Dispositive evidence

Dispositive evidence is evidence that directly contradicts an assertion. While an empirical assertion cannot be proved, it certainly can be disproved, given precise definitions of all terms.

Faced with dispositive evidence, a scientist has but two choices:
1. Abandon the model and create a new one that fits all of the old data and the dispositive data
2. Revise the model to explain the dispositive evidence.

What do doctors do as a rule when faced with dispositive evidence that they are wrong? Much to our detriment, doctors dig their heels in.

Example:

1. The absurd idea that nuclear mutations cause cancer.

The idea is absurd because there is neither immediacy, nor sufficiency, nor necessity – in short, a failed hypothesis by definition of the word “causation.” By definition, the cause immediately produces its effect. The cause necessarily produces its effect and the cause alone produces its effect. By definition, causes are the exceptions. Acausality is the rule.

But here is the dispositive evidence:

If nuclear mutations cause cancer, then the following cannot EVER be observed:

1. When nuclei from cancer cells that contain the so-called causative mutations are injected into enucleated cytoplasm from non-tumorigenic cells, creating a so-called cybrid (cellular hybrid), the result MUST be carcinogenic.

What has been observed:

1. Sometimes the cybrids are tumorigenic
2. Most often the cybrids are non-tumorigenic.

Result #1 is ambiguous -probably explained by some iffy cytoplasm, not strong enough to change the phenotype that is epigenetically and/or genetically programmed into the tumorous nuclei – Warburg cited an example where nearly two thirds of the respiratory capacity of the cytoplasm of a cell line was gone, by definition “iffy” cytoplasm, and yet the cells were only 1% tumorigenic, and another cell line, derived from the same clone, that had still less mitochondrial respiration, but possessed a whopping 97% tumorigenicity. Clearly there is a lot more to tumorigenicity than impaired mitochondrial respiration, and mitochondrial respiration may have to be seriously impaired when nuclear reprogramming is insufficient by itself to maintain the cancer phenotype, and mitochondrial respiration may need to be only partially impaired when nuclear reprogramming is seriously impaired, seriously supportive of the cancer phenotype.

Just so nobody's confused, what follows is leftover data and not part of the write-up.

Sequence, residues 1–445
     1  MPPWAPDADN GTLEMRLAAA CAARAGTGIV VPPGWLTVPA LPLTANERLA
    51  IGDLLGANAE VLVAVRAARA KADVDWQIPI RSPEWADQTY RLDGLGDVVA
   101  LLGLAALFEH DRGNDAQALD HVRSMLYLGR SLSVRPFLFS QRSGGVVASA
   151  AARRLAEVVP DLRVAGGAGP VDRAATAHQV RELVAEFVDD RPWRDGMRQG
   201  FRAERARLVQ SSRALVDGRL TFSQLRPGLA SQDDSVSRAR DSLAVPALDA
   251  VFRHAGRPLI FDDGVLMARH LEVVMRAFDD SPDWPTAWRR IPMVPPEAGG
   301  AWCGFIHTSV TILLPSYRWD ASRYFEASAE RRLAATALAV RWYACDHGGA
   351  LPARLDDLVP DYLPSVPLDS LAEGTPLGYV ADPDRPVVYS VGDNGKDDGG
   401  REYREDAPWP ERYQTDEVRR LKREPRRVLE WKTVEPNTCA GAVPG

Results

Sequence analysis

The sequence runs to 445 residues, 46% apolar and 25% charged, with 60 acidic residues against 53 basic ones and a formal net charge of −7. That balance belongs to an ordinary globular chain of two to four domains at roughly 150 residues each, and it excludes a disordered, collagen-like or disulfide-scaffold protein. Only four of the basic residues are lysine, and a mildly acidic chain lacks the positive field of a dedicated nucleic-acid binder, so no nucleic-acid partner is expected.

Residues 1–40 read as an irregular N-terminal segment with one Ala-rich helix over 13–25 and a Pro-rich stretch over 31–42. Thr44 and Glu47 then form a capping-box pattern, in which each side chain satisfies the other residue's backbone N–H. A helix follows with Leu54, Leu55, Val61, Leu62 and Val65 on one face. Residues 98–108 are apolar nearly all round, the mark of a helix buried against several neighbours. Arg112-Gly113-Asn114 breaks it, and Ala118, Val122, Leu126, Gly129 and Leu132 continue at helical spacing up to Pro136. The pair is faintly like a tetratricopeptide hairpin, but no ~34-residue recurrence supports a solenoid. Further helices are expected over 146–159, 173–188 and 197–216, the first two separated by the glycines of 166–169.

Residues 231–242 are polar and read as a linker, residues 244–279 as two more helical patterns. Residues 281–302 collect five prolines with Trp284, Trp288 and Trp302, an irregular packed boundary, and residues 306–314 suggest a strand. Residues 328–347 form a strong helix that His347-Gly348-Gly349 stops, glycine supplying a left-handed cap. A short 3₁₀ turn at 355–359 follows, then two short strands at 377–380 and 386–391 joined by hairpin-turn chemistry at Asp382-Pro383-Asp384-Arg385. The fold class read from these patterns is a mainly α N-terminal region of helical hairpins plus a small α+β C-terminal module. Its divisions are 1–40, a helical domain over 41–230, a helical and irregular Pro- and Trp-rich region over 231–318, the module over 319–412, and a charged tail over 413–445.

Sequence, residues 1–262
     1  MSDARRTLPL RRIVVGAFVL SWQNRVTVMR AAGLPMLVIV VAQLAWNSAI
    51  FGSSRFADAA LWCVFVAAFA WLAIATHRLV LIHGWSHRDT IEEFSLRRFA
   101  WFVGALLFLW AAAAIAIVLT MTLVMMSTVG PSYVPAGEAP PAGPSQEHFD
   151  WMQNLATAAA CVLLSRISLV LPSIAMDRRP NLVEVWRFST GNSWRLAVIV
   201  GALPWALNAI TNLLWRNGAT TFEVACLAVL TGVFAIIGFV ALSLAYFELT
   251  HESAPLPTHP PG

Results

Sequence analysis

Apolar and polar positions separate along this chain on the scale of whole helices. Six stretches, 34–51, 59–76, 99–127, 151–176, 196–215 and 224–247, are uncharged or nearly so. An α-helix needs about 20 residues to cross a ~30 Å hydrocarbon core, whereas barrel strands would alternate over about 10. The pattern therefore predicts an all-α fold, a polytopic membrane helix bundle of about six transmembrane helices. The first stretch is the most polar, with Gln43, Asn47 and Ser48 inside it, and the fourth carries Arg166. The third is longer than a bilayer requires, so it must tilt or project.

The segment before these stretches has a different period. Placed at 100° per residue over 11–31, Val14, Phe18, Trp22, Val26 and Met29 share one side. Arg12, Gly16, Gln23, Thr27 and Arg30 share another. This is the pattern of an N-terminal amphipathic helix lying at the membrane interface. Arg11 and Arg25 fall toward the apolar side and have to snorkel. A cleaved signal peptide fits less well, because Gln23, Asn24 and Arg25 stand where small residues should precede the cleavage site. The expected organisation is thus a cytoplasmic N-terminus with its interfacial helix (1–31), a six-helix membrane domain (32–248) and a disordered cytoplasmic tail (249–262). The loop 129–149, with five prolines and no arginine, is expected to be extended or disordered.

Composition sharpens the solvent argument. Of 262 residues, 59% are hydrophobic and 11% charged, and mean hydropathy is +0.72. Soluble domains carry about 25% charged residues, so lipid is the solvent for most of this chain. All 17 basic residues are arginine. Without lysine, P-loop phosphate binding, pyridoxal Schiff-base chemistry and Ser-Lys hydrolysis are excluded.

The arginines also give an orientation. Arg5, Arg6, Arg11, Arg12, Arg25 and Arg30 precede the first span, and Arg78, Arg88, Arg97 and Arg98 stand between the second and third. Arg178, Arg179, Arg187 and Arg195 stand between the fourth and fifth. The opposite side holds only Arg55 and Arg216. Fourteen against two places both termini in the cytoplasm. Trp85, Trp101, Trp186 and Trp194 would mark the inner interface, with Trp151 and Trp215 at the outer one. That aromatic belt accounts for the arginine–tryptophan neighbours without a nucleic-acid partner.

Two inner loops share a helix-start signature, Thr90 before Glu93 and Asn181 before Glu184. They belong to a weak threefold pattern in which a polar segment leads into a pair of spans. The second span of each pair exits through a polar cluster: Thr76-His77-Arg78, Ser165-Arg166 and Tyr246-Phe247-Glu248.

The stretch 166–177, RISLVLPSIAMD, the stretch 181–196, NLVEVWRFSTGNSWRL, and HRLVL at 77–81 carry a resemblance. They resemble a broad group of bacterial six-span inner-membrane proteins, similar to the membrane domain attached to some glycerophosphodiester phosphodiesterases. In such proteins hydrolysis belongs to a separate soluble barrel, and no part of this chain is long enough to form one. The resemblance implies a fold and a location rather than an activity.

However, result #2 is dispositive – Nuclear mutations do not cause cancer. Period, end of story. We need a new model.

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